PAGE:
Khashoggi aftermath: Saudi Arabia to develop security in accordance with international law

After Khashoggi gruesome murder, Saudi Arabia has announced that it will revamp its intelligence services to ensure that operations are in line with national security policy and human rights law.

In the wake of the international outrage and pressure from allies and human rights organisations following the heavily murder of US-based Saudi journalist Jamal Khashoggi by Saudi agents, the middle-eastern kingdom has announced that it will revamp its intelligence services to ensure that operations are in line with national security policy and human rights law.

The Saudi Intelligence Restructuring Committee agreed to reform and assess the current situation and identify gaps in the organisational structure, policies, procedures, governance, legal framework, rehabilitation mechanism. It also recommended short-, medium-, and long-term development solutions within the General Intelligence Presidency Development Program.

Reform of security agencies to follow

Denying the crown prince’s involvement in the “rogue operation” inside Istanbul’s consulate that had resulted in Khashoggi’s death in October, Saudi Arabia on Friday said that it was creating at least three new government bodies to improve oversight and supervision of its intelligence operations.

This comes a month after deputy intelligence chief Ahmad al-Assiri and royal court adviser Saud al-Qahtani were fired for the premeditated murder of the journalist during his visit to the Saudi consulate in Turkey. Khashoggi had remained in exile from Saudi Arabia for years for being a vocal dissident of crown prince Mohammed bin Salman’s oppressive and war-mongering policies.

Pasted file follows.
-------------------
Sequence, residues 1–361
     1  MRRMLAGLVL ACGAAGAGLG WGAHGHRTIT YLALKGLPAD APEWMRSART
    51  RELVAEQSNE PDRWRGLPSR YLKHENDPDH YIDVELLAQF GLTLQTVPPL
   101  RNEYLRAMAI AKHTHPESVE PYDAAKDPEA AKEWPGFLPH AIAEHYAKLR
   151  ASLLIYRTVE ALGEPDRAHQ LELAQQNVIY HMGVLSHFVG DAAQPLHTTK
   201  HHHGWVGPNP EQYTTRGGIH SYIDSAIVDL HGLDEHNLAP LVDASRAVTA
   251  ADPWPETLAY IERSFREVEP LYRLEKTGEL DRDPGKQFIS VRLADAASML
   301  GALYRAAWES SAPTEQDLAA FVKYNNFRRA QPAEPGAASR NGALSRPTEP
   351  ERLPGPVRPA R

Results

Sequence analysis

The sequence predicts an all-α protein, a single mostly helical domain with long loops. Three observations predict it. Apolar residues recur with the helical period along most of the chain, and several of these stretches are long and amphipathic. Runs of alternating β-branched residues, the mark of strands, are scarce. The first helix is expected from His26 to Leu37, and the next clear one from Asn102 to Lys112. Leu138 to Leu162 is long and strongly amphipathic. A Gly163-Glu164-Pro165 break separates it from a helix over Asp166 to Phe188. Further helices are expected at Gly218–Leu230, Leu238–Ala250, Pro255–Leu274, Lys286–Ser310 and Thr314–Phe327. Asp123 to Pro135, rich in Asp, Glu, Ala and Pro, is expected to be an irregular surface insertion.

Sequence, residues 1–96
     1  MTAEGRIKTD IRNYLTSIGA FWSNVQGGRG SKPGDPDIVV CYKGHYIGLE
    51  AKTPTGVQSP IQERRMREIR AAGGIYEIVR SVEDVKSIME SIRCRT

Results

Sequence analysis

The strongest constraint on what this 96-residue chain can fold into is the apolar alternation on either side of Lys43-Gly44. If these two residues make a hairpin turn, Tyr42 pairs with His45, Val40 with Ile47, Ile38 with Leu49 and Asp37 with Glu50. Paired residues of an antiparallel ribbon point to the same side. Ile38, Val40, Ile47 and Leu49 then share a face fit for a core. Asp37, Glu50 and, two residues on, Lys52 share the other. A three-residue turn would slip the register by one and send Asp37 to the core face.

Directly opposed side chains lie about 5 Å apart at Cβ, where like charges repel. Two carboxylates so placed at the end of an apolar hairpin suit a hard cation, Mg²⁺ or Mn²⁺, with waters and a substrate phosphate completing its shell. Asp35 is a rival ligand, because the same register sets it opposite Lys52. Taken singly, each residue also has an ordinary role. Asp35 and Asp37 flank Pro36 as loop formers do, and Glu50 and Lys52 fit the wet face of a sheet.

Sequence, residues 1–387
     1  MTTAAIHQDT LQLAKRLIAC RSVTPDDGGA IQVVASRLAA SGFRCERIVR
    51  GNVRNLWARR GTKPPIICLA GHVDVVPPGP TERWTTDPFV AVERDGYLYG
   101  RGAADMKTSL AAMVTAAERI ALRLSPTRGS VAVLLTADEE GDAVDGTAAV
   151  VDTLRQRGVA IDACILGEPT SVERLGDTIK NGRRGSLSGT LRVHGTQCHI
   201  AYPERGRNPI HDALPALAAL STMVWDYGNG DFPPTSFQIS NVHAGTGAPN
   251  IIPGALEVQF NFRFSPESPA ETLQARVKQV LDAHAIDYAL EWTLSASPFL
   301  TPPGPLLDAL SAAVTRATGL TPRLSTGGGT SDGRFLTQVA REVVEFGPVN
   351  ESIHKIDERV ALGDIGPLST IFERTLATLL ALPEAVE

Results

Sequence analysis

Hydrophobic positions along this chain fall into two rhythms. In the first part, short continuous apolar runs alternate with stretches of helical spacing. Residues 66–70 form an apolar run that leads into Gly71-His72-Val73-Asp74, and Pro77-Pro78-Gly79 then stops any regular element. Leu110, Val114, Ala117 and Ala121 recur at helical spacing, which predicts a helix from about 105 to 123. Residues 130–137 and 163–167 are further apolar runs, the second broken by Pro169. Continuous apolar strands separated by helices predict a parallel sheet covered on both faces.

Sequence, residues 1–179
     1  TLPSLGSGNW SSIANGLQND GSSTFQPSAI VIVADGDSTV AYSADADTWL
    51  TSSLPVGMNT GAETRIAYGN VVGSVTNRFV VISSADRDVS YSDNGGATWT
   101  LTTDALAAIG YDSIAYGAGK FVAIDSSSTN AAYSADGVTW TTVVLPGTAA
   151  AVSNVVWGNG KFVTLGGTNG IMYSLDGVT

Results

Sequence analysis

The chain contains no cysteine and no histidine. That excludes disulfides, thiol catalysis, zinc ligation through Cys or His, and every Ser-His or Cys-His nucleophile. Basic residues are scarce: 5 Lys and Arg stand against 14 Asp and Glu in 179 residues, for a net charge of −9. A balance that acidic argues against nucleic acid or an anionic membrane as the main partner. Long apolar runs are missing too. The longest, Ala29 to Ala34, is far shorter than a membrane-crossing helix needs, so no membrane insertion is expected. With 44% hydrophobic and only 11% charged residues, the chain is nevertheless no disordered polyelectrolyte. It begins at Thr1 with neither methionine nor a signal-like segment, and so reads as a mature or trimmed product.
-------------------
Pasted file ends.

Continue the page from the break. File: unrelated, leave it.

Following the emergence of grisly details of the operation, King Salman had ordered a restructuring of the main intelligence agency under his son’s supervision despite US senators and Turkey calling for a UN probe into the crown prince’s involvement in the murder.

After over a month of investigation into US-based Saudi journalist Jamal Khashoggi’s murder, the CIA confirmed last month that MBS had ordered the assassination of the Washington Post columnist. This Thursday, the official Saudi Press Agency notified of state approval for three departments that will be formed to ensure that Riyadh’s security operations are now in line with national security policy, international human rights law and “approved procedures”.

The decision was ratified by a committee headed by the prince, making no mention of Khashoggi for the time being.

The shake-up that was

Ever since Khashoggi’s disappearance from the Saudi consulate in Istanbul on October 2, Turkish investigators have alleged that it was an assassination but stopped short of holding MBS directly culpable in the premeditated murder, gruesome details of which emerged in the following weeks.

Turkish media first reported the existence of audio recordings that confirm that the journalist was ambushed, strangled, and later tortured to death by a 15-man Saudi security team. The probe also revealed that the operation was allegedly carried out by trained forensic specialists and post-mortem experts. Precise gruesome details of beheading and dismemberment also emerged from the tapes retrieved from the office of the consulate’s chief, Mohammad al-Otaibi, suggesting high level of premediation.